50 Shades of Green? Environmental Attitudes Vary Widely in US
You don't have to be a nature lover to be "green." A new survey suggests that Americans' attitudes about protecting the environment aren't just linked to their love of the great outdoors.
Turns out, religion and politics might be strongly tied to how people perceive environmental issues, according to the survey of 1,500 Americans who answered questions about their interactions with the natural world, their religious and political beliefs and their stance on environmental issues, such as global warming.
Based on the answers, the researchers created nine distinct profiles, or "shades" of green: Only 10 percent of Americans fall into the group that the researchers labeled "outdoor greens." This group consists of staunch environmentalists who also spend a lot of time enjoying nature. For these folks, a strong appreciation for the natural world seems to be the motivating factor behind their support of environmentalist ideas (like decreasing the burning of fossil fuels). [8 Ways Global Warming Is Already Changing the World]
Yet, nearly as many Americans (9 percent) are "liberal greens," or people who support environmentalist causes even though they don’t spend a great deal of time outdoors. A liberal green's connection to environmentalist causes correlates with a liberal political ideology and a belief that "it is humankind’s responsibility to protect and care for the Earth and its natural resources,” according to the researchers. They are the least religious of the groups, with just 17 percent saying they attend weekly religious services, and more than half (55 percent) have a bachelor's degree or higher.
On the other end of the spectrum, the researchers found that about 8 percent of Americans are "religious browns," or highly religious people who don't support environmental causes and who don't spend a lot of time in nature — 17 percent say they feel completely separate from nature. And there are "conservative browns," too. These politically conservative folks (about 87 percent identify as Republicans) make up about 8 percent of the American population and do not support environmentalist causes, even though many of them say they enjoy outdoor activities.
But the liberal and outdoor greens and the religious and conservative browns represent relatively small segments of the American population. The vast majority of Americans (65 percent) are neither totally green nor totally brown. They fall somewhere in the middle of the spectrum and hold "complex and nuanced perspectives on the environment," according to the researchers.
Take, for example, the "outdoor browns," who are representative of 15 percent of the American population. People in this group spend a lot of time in nature (doing things like gardening, hunting and boating), but they don't feel that the world now faces any pressing environmental crises. And then there are the "religious greens," who don't spend much time outside, but who, for religious reasons, believe that human beings have a duty to protect the environment. [The Reality of Climate Change: 10 Myths Busted]
But of the nine groups that the researchers created to explain the results of the survey, one stands out above the rest because of its size. By far the largest group, representative of 20 percent of Americans, is the "homebody" group. These are people who spend more time inside than they do outside and who are largely apathetic about environmental issues. Homebodies do not consider themselves to be environmentalists and aren't worried about the current state of the environment. While the majority of homebodies think that it's the responsibility of humans to care for the planet, most don't agree with common environmentalist ideas, like the importance of decreasing fossil fuel production or increasing government regulation of the activities that affect the environment.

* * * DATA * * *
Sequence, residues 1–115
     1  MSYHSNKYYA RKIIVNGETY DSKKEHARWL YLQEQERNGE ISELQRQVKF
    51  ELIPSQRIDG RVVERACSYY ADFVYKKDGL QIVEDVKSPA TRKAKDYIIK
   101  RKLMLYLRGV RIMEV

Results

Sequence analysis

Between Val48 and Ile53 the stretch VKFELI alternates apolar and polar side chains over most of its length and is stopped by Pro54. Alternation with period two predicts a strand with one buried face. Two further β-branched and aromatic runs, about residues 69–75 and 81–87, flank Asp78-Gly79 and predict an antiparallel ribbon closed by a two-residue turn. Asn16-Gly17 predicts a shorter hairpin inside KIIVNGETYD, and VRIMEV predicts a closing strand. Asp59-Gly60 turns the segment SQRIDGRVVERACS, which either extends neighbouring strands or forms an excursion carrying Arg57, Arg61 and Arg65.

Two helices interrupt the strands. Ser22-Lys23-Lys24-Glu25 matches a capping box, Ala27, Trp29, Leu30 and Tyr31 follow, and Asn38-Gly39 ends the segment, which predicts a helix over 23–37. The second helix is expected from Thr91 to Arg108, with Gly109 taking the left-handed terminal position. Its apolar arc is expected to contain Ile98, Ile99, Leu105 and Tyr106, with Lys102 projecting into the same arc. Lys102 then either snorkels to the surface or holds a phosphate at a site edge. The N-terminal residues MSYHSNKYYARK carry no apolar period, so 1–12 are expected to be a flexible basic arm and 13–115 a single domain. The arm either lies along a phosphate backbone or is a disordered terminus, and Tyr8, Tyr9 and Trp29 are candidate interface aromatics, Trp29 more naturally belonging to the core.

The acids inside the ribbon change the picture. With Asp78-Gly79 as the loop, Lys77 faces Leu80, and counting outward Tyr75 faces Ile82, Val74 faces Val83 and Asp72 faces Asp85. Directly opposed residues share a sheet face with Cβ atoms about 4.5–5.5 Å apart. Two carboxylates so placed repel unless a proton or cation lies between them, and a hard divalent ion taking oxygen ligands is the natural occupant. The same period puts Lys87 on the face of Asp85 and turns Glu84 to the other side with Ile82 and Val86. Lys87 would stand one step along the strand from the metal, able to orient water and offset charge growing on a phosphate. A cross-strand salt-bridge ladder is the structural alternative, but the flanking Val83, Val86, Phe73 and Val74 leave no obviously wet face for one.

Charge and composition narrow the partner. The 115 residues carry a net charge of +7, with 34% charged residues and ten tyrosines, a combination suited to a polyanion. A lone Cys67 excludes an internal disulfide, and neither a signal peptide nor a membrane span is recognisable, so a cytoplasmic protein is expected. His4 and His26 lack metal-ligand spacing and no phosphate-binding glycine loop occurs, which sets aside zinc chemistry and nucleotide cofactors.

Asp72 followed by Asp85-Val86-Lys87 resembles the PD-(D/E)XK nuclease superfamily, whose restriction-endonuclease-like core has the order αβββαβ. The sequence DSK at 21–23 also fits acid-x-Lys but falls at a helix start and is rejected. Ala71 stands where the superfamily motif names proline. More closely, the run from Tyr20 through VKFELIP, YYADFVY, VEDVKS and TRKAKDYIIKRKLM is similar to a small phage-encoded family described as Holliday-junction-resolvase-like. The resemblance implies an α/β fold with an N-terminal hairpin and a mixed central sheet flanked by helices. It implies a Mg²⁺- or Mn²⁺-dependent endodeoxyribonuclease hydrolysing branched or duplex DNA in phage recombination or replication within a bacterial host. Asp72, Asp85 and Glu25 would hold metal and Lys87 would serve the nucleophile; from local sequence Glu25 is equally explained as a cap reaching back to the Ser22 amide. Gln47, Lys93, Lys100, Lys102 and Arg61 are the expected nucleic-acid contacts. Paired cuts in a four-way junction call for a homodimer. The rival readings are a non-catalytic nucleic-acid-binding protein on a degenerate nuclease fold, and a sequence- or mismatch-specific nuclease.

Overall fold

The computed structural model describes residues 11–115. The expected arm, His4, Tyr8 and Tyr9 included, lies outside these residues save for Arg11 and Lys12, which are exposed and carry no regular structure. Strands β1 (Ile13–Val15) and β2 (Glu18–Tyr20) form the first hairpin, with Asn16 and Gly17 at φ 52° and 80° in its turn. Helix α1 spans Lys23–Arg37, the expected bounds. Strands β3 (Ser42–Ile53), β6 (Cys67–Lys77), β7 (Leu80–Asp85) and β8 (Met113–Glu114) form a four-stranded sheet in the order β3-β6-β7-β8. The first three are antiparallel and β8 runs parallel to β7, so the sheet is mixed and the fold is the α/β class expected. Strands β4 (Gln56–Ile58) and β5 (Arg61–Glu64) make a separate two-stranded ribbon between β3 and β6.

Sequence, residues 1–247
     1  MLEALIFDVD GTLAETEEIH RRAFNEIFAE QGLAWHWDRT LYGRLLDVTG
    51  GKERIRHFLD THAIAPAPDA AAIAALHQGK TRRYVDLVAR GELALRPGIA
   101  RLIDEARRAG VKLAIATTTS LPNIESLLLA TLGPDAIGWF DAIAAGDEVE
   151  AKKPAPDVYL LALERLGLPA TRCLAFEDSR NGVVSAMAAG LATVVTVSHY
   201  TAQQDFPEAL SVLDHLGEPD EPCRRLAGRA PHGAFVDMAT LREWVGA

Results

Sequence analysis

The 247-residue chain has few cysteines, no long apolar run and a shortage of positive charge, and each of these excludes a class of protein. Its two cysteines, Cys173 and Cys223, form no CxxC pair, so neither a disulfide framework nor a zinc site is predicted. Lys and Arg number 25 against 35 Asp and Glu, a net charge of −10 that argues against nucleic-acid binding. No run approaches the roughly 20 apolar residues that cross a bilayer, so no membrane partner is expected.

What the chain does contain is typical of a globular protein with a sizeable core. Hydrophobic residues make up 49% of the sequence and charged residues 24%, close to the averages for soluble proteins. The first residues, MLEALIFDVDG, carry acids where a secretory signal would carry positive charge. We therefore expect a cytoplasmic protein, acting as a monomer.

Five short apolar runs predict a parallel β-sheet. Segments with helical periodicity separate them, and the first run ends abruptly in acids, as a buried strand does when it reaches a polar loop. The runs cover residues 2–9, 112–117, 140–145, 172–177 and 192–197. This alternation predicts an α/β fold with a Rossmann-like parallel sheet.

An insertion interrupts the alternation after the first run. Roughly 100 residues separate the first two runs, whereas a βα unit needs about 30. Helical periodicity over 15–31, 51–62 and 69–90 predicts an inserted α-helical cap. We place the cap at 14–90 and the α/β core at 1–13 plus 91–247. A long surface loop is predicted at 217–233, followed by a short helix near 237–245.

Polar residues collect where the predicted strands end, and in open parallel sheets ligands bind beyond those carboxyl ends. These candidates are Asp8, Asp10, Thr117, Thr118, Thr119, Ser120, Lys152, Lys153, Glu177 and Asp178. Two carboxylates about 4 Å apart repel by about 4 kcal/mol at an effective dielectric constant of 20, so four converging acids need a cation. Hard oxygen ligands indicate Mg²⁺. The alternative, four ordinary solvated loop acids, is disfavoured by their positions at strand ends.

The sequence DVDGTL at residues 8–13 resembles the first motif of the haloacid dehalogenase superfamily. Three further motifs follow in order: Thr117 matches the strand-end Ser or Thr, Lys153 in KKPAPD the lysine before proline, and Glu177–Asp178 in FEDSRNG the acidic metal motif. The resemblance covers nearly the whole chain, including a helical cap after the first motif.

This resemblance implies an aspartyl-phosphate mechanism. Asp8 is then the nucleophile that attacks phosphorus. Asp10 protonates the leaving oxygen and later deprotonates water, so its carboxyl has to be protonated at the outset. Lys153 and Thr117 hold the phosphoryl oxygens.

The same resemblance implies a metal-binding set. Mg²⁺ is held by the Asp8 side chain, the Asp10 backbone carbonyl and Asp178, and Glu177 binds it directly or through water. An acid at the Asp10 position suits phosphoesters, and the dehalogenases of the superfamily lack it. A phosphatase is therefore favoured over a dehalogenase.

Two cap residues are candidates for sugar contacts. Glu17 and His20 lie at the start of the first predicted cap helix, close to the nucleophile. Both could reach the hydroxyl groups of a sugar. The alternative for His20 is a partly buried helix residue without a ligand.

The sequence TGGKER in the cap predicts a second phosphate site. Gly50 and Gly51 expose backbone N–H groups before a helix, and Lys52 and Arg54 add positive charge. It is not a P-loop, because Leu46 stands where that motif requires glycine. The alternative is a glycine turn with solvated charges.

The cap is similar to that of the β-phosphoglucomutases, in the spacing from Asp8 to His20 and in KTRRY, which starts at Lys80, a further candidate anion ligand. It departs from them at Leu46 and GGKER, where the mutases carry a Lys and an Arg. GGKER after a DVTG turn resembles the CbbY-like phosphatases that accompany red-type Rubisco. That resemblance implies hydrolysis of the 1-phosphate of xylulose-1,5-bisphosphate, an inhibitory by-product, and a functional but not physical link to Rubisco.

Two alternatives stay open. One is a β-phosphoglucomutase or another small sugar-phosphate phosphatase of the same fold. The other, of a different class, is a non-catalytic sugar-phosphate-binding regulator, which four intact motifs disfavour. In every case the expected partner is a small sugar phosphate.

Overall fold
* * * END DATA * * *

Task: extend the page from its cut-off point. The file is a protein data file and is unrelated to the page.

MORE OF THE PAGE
When the results concern a single environmental issue like global warming, these "environmental profiles" become even clearer: Nearly all liberal greens (96 percent) agree that global warming is happening, followed by the outdoor greens and religious greens (both are 88 percent). They are followed by the outdoor browns, with 44 percent saying that the world is warming, compared to 1 in 10 conservative browns saying the same. Some 83 percent of conservative browns and 54 percent of religious browns say global warming is not occurring.
The full results of the survey, conducted by the Associated Press-NORC Center for Public Affairs Research and researchers from the Yale School of Forestry and Environmental Studies, can be found on the Associated Press-NORC Center for Public Affairs Research's website.
Follow Elizabeth Palermo @techEpalermo. Follow Live Science @livescience, Facebook & Google+. Original article on Live Science.
Live Science newsletter
Stay up to date on the latest science news by signing up for our Essentials newsletter.
Elizabeth is a former Live Science associate editor and current director of audience development at the Chamber of Commerce. She graduated with a bachelor of arts degree from George Washington University. Elizabeth has traveled throughout the Americas, studying political systems and indigenous cultures and teaching English to students of all ages.
By Kiley Price
By Ben Turner
By Tom Metcalfe